Ultra-Processed Foods Could Be Killing You
Photo: Evieanna Santiago / Unsplash

Ultra-Processed Foods Could Be Killing You

Men are 29 percent more likely to develop colorectal cancer from heavily processed foods

In a pinch, when you’re starving, what type of food are you reaching for? An apple? A carrot? Organic free-range chicken? Probably not. It’s likely the junkiest of junk food, stuff that’s not even wholly food but partially a bunch of chemical compounds you’ve never heard of. Look at the back of a bag of chips, and you’ll find more ingredients than a philharmonic has members.

Sparingly, junk food is good for the soul, but watch out: A recent study found that ultra-processed foods can lead to an increased risk of cancer, heart disease, and premature death.

Men are particularly at risk. The British Medical Journal found that men with diets high in ultra-processed foods face a 29 percent higher risk of developing colorectal cancer. There are some other key factors at play. The men in the study who developed colorectal cancer were also likely smokers and registered lower levels of physical activity, with diets that were deficient in whole grains and essential nutrients like fiber, calcium, and vitamin D. Their diets were also high in fats and added sugars, both of which are common in ultra-processed foods.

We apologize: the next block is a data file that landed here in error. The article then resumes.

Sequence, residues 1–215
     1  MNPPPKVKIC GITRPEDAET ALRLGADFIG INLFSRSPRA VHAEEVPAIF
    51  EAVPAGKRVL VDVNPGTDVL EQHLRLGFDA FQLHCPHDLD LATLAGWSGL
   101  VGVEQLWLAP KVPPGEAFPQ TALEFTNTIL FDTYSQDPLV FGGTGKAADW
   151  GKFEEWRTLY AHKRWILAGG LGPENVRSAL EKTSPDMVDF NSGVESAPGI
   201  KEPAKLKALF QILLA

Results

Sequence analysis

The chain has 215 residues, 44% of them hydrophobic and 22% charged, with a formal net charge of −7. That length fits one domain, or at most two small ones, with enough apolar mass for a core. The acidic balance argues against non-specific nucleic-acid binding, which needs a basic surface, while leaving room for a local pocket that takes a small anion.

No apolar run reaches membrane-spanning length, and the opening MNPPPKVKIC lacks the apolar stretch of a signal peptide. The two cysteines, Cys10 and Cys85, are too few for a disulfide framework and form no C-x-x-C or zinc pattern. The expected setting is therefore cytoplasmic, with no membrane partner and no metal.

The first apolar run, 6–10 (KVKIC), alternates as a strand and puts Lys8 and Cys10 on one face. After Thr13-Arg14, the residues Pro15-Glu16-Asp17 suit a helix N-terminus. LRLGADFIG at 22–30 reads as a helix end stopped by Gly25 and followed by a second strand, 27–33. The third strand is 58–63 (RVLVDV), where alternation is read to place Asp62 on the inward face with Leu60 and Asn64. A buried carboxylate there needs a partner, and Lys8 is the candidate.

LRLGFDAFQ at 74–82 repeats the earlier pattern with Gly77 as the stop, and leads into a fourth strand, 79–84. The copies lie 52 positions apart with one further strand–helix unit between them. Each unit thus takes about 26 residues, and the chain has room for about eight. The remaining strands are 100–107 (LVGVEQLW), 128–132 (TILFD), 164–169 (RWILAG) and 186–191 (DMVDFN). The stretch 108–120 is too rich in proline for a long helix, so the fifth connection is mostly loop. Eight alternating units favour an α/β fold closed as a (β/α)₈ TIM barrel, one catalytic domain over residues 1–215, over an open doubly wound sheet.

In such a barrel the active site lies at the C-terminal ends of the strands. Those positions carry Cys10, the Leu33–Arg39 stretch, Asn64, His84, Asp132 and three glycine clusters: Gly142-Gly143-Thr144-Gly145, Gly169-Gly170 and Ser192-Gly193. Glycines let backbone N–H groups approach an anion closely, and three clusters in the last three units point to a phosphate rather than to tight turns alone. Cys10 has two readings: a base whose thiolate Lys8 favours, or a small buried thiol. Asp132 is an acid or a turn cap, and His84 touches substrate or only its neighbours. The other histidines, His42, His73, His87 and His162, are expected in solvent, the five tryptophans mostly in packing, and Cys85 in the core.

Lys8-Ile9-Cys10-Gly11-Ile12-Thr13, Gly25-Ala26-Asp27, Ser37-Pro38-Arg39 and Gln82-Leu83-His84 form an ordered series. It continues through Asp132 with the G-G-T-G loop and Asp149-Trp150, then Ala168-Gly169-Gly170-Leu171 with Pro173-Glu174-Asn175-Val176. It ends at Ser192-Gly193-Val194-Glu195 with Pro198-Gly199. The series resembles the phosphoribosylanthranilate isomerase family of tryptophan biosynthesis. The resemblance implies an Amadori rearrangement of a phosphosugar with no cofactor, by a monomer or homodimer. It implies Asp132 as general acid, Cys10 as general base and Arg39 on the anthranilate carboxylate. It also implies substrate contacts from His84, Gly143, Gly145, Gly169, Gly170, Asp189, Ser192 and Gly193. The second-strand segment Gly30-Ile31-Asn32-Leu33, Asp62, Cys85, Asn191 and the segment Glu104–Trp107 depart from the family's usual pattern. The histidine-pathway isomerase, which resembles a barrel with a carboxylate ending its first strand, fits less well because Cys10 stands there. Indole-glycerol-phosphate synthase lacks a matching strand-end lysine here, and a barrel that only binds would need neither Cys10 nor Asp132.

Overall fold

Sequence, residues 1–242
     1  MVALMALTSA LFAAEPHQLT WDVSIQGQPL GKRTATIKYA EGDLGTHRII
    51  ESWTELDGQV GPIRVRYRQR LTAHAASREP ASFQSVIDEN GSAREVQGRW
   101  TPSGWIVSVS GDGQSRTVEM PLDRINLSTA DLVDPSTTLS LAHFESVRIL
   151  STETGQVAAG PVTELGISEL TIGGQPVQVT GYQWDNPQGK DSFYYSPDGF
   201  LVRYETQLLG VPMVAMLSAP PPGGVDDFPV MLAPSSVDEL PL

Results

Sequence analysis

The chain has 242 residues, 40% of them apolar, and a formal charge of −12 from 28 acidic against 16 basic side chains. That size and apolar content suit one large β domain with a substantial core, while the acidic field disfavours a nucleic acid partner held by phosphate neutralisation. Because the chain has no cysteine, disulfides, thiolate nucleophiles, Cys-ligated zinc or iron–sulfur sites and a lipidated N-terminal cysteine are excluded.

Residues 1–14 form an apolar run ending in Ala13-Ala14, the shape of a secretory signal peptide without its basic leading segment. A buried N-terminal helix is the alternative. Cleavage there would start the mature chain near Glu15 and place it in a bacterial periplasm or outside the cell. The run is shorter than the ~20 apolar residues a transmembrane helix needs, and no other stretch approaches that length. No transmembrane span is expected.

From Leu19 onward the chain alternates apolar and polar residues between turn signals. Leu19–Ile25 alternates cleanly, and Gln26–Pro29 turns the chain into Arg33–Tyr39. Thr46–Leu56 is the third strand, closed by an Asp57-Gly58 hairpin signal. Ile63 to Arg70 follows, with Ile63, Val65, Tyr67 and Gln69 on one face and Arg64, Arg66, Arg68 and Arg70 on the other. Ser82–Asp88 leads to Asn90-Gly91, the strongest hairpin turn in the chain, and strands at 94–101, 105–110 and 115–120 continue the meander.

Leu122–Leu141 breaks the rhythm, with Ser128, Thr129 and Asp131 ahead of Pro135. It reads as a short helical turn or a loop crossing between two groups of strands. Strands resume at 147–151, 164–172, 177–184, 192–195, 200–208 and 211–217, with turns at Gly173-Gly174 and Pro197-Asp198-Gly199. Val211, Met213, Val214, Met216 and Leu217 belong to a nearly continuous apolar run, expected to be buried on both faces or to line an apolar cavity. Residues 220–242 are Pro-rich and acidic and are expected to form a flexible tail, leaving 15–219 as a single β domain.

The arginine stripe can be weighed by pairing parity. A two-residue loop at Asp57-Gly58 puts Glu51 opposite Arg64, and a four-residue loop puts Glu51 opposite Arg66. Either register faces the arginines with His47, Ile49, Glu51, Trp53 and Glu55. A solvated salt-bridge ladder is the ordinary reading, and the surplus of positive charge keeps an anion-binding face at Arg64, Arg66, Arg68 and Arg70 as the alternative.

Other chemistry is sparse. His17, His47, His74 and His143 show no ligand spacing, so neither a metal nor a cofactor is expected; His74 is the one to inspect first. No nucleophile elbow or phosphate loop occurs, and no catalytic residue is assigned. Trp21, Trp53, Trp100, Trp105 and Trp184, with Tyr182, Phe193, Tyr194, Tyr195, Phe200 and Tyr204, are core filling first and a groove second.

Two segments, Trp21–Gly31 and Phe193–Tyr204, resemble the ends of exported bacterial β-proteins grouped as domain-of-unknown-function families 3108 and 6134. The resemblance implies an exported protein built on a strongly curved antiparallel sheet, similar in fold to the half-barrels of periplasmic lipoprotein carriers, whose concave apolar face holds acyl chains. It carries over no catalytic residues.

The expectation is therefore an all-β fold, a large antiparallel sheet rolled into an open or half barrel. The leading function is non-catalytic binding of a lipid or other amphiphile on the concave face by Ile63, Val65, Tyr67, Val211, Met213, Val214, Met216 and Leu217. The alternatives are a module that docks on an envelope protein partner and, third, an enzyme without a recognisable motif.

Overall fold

It’s important to note the distinction between ultra-processed foods and processed foods. Foods processed in some way are all around us—from olive oil to Greek yogurt—but the type of eats that were the focus of this study are foods where the nutrition label looks like a science experiment. Foods like potato chips, candy, or soda, which tend to be packed with mounds of salt or sugar.

Many people, especially poor people of color, don’t have access to whole or less processed foods due to food deserts. It’s not lost on anyone that this isn’t an accident or a coincidence.

At the moment, there’s a lot of discussion about diet culture and how it can cause undue harm in a myriad of ways, such as normalizing eating disorders and promoting unhealthy ideas about body image that perpetuate hostility towards fat people. As a culture, our relationship with food and our bodies needs to evolve.

One of the best joys in life is good food with good company. It’s not worth the trouble to pick apart whatever you’re eating at a moment’s notice. Hyper-restrictive diets are for people preparing for roles in Marvel movies, not normal folks. Sure, eat what you want—but be smart about it. Be mindful of what nutrients your body needs to be at its best. You only get so many trips around the sun, my dude.